The second commitment in our plan is Boundless Collaboration. It ensures that we invigorate the impact of collaboration and partnership in everything we do through four strategic goals:




Build, enhance, and sustain research, scholarly and artistic strength central to vibrant collaboration within and among all disciplines and academic units.

Interdisciplinary possibilities arise from disciplinary strength. The University of Saskatchewan’s leadership in global food security did not begin with the establishment of the Global Institute for Food Security; it was built over decades of excellence in plant genetics, soil science, zoonotic microbiology, hydrology, agriculture policy, community extension, and development, among other fields, and continues to depend on uncompromising disciplinary focus and leadership.

If we are to realize the full potential of an engaged, collaborative, solutions-focused university with the courage to tackle humanity’s greatest challenges, we need to harness scholarly strength, creativity, and inventiveness across our campus—which means that we will need to acknowledge and tackle unevenness in the quality of research, learning, teaching, and citizenship within our disciplines.

Uncompromising cultivation of disciplinary depth is essential to preparing the university for sustainable leadership in interdisciplinary research, scholarship, and creative pursuits in the future. Without exception, we will hold ourselves to the highest disciplinary standards. The measure of our success lies in attracting and retaining top talent, competing successfully for external resources and partnerships, and ensuring readiness and appetite to contribute to the university’s larger collaborative and interdisciplinary efforts.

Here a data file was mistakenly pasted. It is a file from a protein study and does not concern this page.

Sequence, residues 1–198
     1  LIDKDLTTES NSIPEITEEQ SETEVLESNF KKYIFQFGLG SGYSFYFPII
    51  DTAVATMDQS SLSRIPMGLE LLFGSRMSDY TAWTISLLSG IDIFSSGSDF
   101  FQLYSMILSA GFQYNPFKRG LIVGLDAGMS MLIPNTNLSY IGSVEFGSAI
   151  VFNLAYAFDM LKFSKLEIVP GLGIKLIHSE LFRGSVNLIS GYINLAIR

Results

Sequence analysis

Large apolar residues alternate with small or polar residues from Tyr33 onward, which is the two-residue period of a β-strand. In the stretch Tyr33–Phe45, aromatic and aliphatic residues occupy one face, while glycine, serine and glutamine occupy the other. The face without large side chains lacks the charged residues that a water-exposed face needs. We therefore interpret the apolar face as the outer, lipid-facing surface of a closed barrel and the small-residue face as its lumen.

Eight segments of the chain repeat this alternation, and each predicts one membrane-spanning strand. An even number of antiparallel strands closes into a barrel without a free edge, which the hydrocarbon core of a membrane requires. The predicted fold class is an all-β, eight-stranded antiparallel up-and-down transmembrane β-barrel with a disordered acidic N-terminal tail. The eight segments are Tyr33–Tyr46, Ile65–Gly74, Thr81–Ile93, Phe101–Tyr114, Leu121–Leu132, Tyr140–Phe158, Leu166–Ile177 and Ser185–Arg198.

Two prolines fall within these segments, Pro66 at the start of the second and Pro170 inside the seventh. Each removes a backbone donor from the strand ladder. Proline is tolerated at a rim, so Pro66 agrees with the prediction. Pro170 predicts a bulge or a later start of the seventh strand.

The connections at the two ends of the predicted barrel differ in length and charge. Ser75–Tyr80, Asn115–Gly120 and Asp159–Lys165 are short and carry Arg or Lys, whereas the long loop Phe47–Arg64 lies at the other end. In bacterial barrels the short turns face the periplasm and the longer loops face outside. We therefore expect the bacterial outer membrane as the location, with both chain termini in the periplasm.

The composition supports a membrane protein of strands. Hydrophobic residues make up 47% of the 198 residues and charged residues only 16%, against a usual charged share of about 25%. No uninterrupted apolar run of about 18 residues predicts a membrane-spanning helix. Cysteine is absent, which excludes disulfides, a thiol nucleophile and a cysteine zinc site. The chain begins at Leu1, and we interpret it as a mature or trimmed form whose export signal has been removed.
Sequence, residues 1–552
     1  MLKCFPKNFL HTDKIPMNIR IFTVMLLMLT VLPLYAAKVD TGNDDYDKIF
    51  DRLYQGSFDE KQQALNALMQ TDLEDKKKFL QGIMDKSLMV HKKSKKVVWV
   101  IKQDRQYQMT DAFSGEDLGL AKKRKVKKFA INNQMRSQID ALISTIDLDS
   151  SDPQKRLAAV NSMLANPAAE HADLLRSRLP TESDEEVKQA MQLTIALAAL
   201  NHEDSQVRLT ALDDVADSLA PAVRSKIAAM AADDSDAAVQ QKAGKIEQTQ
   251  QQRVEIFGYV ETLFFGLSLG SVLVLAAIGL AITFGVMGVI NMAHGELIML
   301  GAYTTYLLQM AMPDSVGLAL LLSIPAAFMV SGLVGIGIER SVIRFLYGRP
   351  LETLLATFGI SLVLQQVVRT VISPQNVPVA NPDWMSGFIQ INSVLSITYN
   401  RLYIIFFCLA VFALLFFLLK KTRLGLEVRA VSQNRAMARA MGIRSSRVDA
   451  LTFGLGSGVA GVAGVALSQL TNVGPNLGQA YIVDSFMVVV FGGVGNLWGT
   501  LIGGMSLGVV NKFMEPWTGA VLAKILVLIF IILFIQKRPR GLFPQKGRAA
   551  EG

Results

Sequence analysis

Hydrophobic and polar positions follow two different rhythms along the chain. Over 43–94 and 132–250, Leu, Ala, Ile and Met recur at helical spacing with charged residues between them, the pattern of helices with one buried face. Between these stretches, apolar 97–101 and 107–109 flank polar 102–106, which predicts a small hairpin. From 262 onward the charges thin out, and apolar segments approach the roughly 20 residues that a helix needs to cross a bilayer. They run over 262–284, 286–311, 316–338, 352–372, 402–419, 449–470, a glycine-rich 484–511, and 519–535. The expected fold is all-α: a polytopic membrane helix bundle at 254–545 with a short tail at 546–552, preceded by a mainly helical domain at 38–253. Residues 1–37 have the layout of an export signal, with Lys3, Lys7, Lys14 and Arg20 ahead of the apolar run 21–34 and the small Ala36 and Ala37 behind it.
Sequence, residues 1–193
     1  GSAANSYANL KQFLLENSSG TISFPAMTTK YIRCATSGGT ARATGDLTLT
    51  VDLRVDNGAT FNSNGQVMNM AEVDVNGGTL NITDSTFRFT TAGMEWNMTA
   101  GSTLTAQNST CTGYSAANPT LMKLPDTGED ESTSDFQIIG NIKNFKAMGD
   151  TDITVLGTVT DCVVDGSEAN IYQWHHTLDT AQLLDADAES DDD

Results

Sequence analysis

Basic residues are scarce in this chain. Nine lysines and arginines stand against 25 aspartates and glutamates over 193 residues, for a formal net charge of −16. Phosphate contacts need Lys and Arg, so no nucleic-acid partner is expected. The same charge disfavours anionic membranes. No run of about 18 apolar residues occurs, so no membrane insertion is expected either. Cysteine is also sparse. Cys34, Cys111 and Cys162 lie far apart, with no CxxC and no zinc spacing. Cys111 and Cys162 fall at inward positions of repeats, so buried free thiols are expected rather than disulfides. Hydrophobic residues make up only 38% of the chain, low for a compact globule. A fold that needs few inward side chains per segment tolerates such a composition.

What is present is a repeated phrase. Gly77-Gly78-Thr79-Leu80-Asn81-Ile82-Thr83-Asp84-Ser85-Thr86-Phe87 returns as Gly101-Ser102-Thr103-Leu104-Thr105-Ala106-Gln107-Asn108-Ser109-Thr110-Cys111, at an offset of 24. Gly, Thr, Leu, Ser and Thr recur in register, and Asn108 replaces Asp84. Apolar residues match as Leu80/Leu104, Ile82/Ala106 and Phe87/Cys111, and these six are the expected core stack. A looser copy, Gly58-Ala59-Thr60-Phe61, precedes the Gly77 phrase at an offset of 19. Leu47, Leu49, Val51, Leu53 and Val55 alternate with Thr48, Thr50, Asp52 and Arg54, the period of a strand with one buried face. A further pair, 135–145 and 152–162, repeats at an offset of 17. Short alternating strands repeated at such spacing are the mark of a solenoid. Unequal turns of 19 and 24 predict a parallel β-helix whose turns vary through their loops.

• Notable improvement in academic rankings within disciplines and across the university as a whole
  • Growth in the recruitment of global faculty and students to all disciplines
  • Increased recognition of disciplinary strength and impact globally
  • Stronger, more diverse community connections within disciplines



Ensure that academic, administrative, and physical infrastructure enable collaborative opportunities for all students, faculty, and staff.

A culture rooted in collaboration must be enabled by an environment purpose-built for collaboration.

Over the past decade, the University of Saskatchewan has invested substantially in creating the conditions for collaboration, and today many institutional supports have been integrated into the fabric of our campus or are continuing to mature: we are home to some of Canada’s most unique and valuable research infrastructure, including the Canadian Light Source, VIDO-InterVac, and the Health Sciences Complex; our campus design and physical connectivity inspire creativity and create dynamic spaces for interdisciplinary interaction; our research and innovation enterprise is increasingly focused on providing services that accelerate internal and external partnerships; leaders across campus have demonstrated creativity and nimbleness in facilitating transformative collaborations.